Thursday, September 15, 2005

Oregon Chardonnay: saved by a new clone?

No, this is not another attack of the clones from a Star Wars sequel! The story - an article from Decanter's Norm Roby in the September edition of the magazine - is about establishing Oregon's reputation as a producer of premium Chardonnay thanks to new plantings of Dijon clones. Difficult to ripen, Chardonnay was not doing well in Oregon, and consequently, Pinot Gris quickly became the state's preferred white varietal. But the problem was not the grape or the terroir, just the clones, as it is explained on the Chehalem Winery's website:

Chardonnay is in the midst of a makeover in Oregon. The key to putting Oregon chardonnay in the same league as great French chardonnays is clones. For years Oregon has grown clones of chardonnay selected for warmer climates, that need longer ripening and acid retention-the opposite of what cool climates need-to only moderate success.[...] Over the last two decades strong cooperation between Burgundians and Oregonians, led by Raymond Bernard and David Adelsheim, respectively, resulted in a number of clones being brought into Oregon State University's clonal importation program. From the clones evaluated and sent through disease testing, the favorites are known by their ID numbers 75, 76, 95 and 96 and have now been propagated into hundreds of acres which have been planted throughout the valley. Enough tonnage has been harvested since the mid 90s to validate our initial impressions of broad flavors, richness and earlier ripening.”


After reading the article, I felt the need to make my own opinion, so yesterday, I bought and tasted a couple of 100% dijon clone Oregon Chardonnays. I chose one from Chehalem Winery and the other one from Ponzi Vineyards.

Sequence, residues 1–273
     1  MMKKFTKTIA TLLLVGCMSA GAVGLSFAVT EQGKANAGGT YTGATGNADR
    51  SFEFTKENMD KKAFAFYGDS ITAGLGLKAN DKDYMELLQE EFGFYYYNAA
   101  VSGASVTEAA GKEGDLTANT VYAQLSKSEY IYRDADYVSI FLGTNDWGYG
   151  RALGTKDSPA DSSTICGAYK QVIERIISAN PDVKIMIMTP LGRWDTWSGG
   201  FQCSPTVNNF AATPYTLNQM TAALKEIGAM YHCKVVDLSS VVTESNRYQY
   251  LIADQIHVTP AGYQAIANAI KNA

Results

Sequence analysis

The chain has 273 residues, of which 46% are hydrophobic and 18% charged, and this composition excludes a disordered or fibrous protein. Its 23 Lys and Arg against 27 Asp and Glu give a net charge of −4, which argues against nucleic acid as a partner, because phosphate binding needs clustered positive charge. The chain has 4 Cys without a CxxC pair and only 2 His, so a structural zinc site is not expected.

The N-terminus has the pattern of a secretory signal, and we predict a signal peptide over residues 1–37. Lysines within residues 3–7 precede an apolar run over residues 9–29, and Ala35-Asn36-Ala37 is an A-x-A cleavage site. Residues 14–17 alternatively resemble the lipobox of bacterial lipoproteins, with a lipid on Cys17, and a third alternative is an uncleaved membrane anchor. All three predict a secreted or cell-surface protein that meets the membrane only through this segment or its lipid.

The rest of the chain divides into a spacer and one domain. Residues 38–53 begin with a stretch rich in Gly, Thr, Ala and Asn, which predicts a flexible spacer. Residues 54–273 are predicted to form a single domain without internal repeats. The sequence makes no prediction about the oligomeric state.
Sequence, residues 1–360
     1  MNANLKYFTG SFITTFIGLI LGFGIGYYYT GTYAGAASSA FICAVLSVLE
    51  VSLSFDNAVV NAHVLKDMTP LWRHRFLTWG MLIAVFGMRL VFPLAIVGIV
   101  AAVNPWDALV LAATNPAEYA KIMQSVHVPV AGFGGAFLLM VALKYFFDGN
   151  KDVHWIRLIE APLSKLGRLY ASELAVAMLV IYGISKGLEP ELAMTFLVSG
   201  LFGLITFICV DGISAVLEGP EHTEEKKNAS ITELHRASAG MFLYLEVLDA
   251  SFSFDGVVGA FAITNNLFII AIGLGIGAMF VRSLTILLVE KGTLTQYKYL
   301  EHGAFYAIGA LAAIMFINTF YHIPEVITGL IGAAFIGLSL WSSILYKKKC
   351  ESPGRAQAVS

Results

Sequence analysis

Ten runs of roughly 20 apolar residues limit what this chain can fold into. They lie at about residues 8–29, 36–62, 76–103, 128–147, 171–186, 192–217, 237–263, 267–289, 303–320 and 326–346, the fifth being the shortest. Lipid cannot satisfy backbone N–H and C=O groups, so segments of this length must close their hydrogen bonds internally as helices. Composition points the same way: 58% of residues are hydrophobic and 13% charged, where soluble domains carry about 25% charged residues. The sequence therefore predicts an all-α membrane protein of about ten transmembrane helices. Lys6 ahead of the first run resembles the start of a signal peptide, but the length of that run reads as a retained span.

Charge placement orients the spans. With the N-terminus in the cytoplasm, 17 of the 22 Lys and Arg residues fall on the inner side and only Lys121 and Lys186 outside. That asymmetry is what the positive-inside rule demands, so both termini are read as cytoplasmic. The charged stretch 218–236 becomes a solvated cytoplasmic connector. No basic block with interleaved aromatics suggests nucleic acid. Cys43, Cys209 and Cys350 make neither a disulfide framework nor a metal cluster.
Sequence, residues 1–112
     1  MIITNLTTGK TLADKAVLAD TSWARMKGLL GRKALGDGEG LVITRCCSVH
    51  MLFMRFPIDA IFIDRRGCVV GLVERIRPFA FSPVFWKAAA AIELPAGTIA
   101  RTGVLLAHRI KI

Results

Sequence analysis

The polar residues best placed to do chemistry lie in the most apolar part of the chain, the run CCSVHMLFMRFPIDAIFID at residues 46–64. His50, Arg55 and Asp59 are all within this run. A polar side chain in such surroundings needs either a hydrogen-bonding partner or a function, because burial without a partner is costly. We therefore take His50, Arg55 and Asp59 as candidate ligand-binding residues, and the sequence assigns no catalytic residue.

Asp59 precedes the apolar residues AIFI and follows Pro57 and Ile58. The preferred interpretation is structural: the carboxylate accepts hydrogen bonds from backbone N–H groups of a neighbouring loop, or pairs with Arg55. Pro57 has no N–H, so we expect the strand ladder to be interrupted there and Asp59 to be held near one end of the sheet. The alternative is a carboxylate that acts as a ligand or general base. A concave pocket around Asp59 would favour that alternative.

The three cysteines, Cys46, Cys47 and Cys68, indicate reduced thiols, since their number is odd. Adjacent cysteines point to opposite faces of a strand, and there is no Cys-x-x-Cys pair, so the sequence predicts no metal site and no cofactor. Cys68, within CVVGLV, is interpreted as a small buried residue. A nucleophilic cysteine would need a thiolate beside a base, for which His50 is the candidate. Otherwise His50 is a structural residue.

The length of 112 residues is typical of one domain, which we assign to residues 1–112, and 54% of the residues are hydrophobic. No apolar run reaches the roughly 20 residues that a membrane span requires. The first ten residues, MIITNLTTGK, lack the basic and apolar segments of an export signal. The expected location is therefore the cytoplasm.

Chehalem belongs to a group of Northern Willamette Valley wineries committed to redefining cool-climate Chardonnay using the Dijon clones in order to produce wines of natural balance, complexity and elegance, combined with vivid acidity. According to the winemaker, the Dijon clones mature earlier, with fully ripe, soft, exotic fruit flavors and a structure that should make jaded ABC palates go back..

We tried their 2004 Chardonnay called INOX™, which is 100% Dijon clones, entirely tank fermented, without malolactic fermentation or lees contact. INOX™ takes its name from the abbreviation of the French word for stainless steel, inoxidable. The wine was conveniently sealed with a screw cap. It had a pale straw color and an aromatic nose with floral notes, citrus, and tropical fruits. On the palate, it was crisp and surprisingly slightly fizzy, with some grapefruit flavors on the finish. I found the wine original and definitively defining a unique style of Oregon Chardonnay.

The other wine was the 2002 Ponzi Reserve Chardonnay Willamette Valley. The winemaker's notes specify that the fruit was whole cluster pressed and the juice moved to French oak barrels (20% new) and fermented in barrel. Malolactic fermentation was spontaneous and 100%. Lees were stirred once a week for six months. After 18 months of barrel age the wine was moved with air to tank for blending then bottled by gravity. The wine had a deeper golden color with a mild nose of sweet white peach. On the palate, it was medium-bodied with butterscotch flavors and a fat mouthfeel. I found the wine pleasant but much more classic in terms of Chardonnay style.

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